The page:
Being in a creative field has never been an easy pursuit. Low wages, the subjective nature of the arts, and the struggle to be seen pretty much ensures we’re all a little bit nuts for doing it. As if all those factors aren’t bad enough, non-writers often belittle the incredible time, effort, and care that goes into a well-crafted book without realizing it by saying things like, “I’ve started a journal on my dog’s habits and I have another really great idea. I’m sure it would be a bestseller.” In addition to these lovely aspects, we suffer from ubiquitous social media and all that comes with it—the humble brag, vague-booking, and flat out self-indulgence. (We won’t address some of the other hideous things like trolls and bullying.) We get to see, day in and day out, what EVERYONE ELSE has. How everyone else is better off than we are. How pathetic we are in our attempts to be respected and celebrated authors.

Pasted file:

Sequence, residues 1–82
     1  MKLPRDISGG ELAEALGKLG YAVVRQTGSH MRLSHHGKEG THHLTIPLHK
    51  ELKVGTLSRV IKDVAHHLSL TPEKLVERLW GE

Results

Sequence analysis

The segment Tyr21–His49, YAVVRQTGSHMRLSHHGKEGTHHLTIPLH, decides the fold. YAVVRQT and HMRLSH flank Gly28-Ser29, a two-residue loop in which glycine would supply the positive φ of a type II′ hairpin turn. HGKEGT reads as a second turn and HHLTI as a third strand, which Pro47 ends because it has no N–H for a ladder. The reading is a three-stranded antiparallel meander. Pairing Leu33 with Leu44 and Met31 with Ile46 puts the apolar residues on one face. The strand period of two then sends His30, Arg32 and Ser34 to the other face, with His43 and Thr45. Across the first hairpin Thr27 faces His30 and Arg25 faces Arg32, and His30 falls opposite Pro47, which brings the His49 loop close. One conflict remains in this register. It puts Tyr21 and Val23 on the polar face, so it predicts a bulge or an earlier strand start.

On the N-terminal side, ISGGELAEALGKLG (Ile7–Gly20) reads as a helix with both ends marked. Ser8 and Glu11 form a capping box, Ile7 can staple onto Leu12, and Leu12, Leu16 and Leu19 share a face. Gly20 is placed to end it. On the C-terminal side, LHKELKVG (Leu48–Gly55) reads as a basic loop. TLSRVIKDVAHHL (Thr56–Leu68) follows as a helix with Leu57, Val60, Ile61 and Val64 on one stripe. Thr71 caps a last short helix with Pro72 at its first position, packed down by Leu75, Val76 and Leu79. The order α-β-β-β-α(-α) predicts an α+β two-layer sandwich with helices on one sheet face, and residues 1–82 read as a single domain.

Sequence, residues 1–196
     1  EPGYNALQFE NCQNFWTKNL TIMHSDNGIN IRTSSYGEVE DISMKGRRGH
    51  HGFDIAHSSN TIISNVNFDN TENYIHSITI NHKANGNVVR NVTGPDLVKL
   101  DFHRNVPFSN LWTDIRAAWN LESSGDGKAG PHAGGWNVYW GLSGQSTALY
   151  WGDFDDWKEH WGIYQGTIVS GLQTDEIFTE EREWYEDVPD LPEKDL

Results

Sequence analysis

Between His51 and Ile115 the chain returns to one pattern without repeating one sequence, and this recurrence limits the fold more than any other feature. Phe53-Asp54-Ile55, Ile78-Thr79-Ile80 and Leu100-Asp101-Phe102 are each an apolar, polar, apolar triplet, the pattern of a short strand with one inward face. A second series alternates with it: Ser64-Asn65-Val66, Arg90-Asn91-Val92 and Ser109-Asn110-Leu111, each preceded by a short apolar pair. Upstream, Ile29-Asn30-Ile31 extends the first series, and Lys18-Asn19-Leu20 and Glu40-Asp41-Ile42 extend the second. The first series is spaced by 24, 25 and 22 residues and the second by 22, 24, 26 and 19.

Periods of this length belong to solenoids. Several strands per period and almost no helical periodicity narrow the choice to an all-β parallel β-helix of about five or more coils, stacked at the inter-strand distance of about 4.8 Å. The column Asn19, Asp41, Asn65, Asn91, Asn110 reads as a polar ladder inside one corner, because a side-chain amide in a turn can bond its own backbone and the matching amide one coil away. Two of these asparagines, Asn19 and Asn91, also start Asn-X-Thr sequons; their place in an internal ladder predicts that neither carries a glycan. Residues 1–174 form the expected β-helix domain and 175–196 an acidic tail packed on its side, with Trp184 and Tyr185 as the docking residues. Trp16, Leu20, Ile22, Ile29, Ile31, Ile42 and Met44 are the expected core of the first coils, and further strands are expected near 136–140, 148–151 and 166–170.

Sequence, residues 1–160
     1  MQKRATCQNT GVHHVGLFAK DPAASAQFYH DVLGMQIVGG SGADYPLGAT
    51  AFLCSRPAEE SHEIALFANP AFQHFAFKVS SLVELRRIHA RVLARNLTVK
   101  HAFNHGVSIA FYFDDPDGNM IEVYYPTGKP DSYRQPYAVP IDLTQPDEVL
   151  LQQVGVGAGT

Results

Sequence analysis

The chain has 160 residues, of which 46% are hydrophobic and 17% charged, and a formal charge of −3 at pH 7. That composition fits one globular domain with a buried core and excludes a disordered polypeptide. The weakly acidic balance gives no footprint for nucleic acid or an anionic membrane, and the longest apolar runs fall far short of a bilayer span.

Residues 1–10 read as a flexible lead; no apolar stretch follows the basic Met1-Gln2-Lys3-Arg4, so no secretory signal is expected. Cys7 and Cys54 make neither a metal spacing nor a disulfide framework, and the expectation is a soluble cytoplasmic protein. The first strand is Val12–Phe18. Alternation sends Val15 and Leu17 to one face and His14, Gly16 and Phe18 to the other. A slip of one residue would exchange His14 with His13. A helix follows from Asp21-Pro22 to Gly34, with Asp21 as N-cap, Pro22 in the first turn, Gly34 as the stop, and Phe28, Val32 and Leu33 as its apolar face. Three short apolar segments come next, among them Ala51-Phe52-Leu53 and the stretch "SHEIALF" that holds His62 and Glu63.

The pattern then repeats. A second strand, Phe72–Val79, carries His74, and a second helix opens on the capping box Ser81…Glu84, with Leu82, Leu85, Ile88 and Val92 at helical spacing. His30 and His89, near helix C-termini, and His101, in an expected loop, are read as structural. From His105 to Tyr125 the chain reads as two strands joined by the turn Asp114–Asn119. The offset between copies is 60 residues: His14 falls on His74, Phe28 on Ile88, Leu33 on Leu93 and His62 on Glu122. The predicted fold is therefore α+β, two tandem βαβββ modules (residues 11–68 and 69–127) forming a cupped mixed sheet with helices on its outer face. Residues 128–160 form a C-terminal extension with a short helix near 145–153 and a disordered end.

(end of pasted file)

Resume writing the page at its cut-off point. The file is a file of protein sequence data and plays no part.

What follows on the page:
It’s tough watching others succeed when we aren’t where we’d like to be. We begin to compare ourselves to that person whose Good News with a capital “g” keeps popping up in our newsfeed. We want that A-level agent, that big publisher, too! We ask ourselves things like: Isn’t my writing stronger, my premise more interesting than hers? Why the hell is this author a bestseller with her lackluster skills? Why did she get all the marketing power when it’s not even a good book?